The first chocolate beverage is believed to have been created by the Mayan peoples around 2000 years ago, and a cocoa beverage was an essential part of Aztec culture by 1400 A.D. The beverage became popular in Europe after being introduced from Mexico in the New World, and has undergone multiple changes since then. Today, hot chocolate is consumed throughout the world and comes in multiple variations including the very thick cioccolata densa served in Italy, and the thinner hot cocoa that is typically consumed in the United States.
B. July 10, 1839 – d. October 10, 1913
Colonel Adolphus Busch was the German-born co-founder of Anheuser-Busch with his father-in-law, Eberhard Anheuser. His great-great-grandson, August Busch IV is now a board member on Anheuser-Busch InBev.
During the American Civil War he served in the United States Army for 14 months. It was at this time that he learned that his father had died and that he had inherited a portion of his father's estate. He used the money to start a wholesale brewer's supply store, and four years later he bought a share in the Bavarian brewery from Eberhard Anheuser, his father-in-law. The company was first called "Anheuser and Company", but at the death of Eberhard Anheuser in 1879, it was changed to "Anheuser Busch Company".
In 1891 Adolphus bought from Carl Conrad the trademark and name Budweiser. He envisioned a national beer with universal appeal. Toward this end, he created a network of rail-side ice-houses and launched the industry’s first fleet of refrigerated freight cars. Success came when Adolphus found a method to pasteurize the beer so it kept fresh. The beer could now be shipped all over the country. He was also an early adopter of bottled beer. In 1901 sales surpassed the one million barrels of beer benchmark.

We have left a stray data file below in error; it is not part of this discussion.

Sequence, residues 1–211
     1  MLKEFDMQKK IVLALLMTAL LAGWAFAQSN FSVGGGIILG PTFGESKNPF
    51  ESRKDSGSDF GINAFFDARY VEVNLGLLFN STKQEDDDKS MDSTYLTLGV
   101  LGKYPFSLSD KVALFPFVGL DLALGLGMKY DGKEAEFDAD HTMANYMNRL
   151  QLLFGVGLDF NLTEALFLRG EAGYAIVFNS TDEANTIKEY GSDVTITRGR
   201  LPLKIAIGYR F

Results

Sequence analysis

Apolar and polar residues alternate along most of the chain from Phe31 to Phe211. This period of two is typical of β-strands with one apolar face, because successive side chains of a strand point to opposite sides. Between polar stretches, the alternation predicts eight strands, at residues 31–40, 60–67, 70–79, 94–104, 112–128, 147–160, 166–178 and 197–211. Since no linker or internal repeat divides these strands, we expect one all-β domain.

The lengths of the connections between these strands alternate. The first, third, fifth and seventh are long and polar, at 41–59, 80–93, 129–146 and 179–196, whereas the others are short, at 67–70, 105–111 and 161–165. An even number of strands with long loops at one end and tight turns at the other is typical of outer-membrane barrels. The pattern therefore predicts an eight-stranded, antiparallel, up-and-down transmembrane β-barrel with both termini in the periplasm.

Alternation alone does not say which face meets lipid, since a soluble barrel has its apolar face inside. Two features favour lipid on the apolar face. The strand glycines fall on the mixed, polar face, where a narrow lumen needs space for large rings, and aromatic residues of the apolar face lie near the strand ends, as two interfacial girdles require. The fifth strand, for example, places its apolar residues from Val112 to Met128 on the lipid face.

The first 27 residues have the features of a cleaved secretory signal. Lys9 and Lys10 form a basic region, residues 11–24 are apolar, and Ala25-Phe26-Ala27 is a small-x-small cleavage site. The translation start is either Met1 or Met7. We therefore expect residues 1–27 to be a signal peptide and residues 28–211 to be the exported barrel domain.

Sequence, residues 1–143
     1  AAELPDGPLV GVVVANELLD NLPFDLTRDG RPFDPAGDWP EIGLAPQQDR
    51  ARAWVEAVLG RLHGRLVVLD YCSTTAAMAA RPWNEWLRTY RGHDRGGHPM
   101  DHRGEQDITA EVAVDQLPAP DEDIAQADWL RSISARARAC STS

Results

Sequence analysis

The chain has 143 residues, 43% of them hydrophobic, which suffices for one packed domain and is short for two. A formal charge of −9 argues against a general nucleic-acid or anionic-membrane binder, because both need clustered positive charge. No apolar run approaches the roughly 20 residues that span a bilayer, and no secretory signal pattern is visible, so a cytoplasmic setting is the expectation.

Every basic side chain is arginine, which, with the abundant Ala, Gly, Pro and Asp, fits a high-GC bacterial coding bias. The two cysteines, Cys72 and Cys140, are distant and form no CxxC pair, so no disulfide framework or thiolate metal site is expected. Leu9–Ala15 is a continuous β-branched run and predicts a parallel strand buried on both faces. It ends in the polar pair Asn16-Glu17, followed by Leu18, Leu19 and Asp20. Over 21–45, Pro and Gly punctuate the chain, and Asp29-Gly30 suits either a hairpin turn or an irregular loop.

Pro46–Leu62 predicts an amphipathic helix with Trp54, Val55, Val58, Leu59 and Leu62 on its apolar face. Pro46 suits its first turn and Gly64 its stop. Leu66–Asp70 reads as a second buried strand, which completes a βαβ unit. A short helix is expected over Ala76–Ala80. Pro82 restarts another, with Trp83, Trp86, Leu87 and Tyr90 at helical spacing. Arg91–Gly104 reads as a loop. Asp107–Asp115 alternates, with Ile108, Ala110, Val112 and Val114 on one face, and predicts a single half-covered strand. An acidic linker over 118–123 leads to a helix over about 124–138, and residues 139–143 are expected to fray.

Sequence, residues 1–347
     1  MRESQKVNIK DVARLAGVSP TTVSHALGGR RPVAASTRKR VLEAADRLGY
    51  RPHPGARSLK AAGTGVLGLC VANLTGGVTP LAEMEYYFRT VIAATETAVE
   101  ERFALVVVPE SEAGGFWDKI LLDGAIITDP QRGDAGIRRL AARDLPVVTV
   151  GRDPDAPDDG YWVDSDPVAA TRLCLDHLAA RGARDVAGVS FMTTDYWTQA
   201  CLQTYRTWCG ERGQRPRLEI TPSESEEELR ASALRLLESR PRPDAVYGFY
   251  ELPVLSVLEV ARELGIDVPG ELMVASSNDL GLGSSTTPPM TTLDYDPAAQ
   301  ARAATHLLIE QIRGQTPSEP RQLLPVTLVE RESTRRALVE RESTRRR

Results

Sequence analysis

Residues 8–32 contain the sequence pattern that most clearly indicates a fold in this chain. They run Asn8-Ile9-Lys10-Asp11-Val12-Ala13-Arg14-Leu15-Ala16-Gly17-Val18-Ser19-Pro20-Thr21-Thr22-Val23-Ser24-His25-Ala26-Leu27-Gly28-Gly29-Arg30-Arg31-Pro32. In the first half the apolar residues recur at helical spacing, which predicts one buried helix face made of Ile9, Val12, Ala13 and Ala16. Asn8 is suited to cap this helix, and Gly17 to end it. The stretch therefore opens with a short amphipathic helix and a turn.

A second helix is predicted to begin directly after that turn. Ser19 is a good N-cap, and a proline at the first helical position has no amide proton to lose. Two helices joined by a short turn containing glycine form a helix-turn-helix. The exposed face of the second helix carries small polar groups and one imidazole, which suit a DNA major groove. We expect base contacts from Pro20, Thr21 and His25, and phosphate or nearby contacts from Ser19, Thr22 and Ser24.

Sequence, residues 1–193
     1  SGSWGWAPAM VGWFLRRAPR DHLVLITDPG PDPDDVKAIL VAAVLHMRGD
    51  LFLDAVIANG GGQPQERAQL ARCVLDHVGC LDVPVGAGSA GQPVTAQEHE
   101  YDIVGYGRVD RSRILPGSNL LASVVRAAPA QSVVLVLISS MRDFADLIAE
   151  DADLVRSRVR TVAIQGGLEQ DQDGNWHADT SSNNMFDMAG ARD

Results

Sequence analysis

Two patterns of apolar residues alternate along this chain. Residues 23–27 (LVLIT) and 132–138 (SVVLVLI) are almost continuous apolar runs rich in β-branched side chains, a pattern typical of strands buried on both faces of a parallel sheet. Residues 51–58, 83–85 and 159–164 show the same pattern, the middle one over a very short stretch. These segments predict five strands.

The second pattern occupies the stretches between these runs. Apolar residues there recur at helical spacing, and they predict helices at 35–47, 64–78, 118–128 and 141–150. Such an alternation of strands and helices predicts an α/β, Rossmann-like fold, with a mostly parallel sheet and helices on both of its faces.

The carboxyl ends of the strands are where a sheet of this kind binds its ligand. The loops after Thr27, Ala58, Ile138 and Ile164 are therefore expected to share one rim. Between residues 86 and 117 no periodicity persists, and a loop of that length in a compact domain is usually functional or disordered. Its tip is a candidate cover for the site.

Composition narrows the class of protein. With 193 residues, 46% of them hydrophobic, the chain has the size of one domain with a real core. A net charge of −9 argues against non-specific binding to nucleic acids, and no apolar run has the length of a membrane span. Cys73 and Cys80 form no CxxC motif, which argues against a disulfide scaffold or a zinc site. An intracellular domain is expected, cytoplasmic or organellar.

are eukaryotic microorganisms
classified in the kingdom Fungi
, with about 1,500 species
currently described; they dominate fungal diversity in the oceans. Most reproduce asexually
, although a few do so by binary fission
. Yeasts are unicellular, although some species with yeast forms may become multicellular through the formation of a string of connected budding cells known as pseudohyphae
, or false hyphae
as seen in most molds
. Yeast size can vary greatly depending on the species, typically measuring 3–4 µm
, although some yeasts can reach over 40 µm.
The yeast species Saccharomyces cerevisiae has been used in baking and fermenting alcoholic beverages for thousands of years. It is also extremely important as a model organism in modern cell biology research, and is the most thoroughly researched eukaryotic microorganism. Researchers have used it to gather information into the biology of the eukaryotic cell and ultimately human biology. Other species of yeast, such as Candida albicans, are opportunistic pathogens and can cause infection in humans. Yeasts have recently been used to generate electricity in microbial fuel cells, and produce ethanol for the biofuel industry.
Yeasts do not form a specific taxonomic or phylogenetic grouping. At present it is estimated that only 1% of all yeast species have been described. The term "yeast" is often taken as a synonym for S. cerevisiae, but the phylogenetic diversity of yeasts is shown by their placement in both divisions Ascomycota and Basidiomycota. The budding yeasts ("true yeasts") are classified in the order Saccharomycetales.
||There's nought, no doubt, so much the spirit calms as rum and true religion
||— Lord Byron